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tmoning

Motorhome parking - residential

4 posts in this topic

Many communities have RV parking or "oversized vehicle" parking laws on the books. Sometimes the regulations are outdated. Sometimes they're not enforced until a resident lodges a complaint. Often, the trouble originates when someone perceives a parked motorhome to be a safety hazard or an unappealing visual across the neighborhood landscape.

What's a motorhome owner, or prospective owner, to do?

Before buying a motorhome, be sure to find out whether you can park it, legally, on your lot. Your community might have specific vehicle size, screening or lot location requirements for parking. Contact your city clerk, township manager or neighborhood association to find out about the regulations specific to your area.

Aalways follow state laws, local ordinances and community association restrictions pertaining to motorhome parking. If you can't park your motorhome in a manner that meets current regulations, perhaps a viable storage facilty is located within a reasonable distance from your home. Of course, that can be costly and is less convenient.

FMCA members who are confronted by harsh parking restrictions may contact FMCA's Governmental and Legislative Affairs Committee for assistance.

So, what do you think: Should governing bodies have the right to regulate motorhome parking on your residential lot?

Or, should you be allowed to park it where and however you please, provided the parked vehicle does not threaten the public safety, health or welfare?

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You open a real can on worms with that multifaceted question. If a person carefully investigates their right to park an oversized vehicle in a community, and all is well, what is to prevent the community from changing the parking regulations when complaints are filed. Today I feel I have every right to park an oversized vehicle in my lot. Tomorrow when my neighbor purchases a used dump-truck and and wants his son to start a yard clean-up business, leaving the full truck in the street each night, I might seriously change my mind about parking freedom. Like grandma used to say: "depends on who's ox was gourd."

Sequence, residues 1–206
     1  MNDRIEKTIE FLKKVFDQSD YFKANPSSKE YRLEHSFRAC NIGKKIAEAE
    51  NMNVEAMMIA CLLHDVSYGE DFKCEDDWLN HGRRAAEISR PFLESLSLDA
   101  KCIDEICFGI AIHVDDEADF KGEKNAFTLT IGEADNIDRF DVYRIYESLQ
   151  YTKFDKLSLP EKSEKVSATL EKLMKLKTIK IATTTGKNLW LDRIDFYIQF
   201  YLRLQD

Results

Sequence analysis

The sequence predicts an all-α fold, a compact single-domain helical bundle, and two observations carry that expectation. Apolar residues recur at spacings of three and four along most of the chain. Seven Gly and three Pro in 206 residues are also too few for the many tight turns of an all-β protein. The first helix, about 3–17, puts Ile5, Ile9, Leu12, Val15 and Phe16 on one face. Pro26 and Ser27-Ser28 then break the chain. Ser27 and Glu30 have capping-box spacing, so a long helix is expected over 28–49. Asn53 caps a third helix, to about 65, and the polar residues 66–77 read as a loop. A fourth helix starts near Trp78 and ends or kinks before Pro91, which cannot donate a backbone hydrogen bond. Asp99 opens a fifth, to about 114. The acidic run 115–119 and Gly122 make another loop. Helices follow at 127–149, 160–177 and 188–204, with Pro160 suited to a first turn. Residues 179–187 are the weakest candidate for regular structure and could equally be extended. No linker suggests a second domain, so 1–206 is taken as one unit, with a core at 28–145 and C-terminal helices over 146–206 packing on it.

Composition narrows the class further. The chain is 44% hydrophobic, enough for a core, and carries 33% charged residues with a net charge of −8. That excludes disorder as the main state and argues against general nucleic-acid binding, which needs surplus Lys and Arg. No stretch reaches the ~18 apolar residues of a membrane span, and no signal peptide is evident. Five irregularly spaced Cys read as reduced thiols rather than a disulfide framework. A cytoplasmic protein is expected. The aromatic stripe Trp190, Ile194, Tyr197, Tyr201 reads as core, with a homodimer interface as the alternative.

With this in mind, if a person moves into a community with CC&Rs, they should not expect the community to bend the rules for their beautiful new motorhome. Beauty is in the eyes of the beholder.

When a person is confronted with a problem regarding their existing motorhome, along with establishing a strong fight, it would be a good idea to develop and plan B, or even a plan C.

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I'm hesitant to weigh in on this one. As Cookie & Gary said, beauty is in the eye of the beholder! I have been able to park my motor home in my mother's driveway when we visit her for several years now. I'm not sure if the town where she lives has any regulations but I do my best to keep a low profile while there. I'm sure if any of the neighbors were to object the police would come calling to ask me to move even if there weren't a regulation. Mom is in a sparsely populated area, nowhere near the heart of town, I think that helps.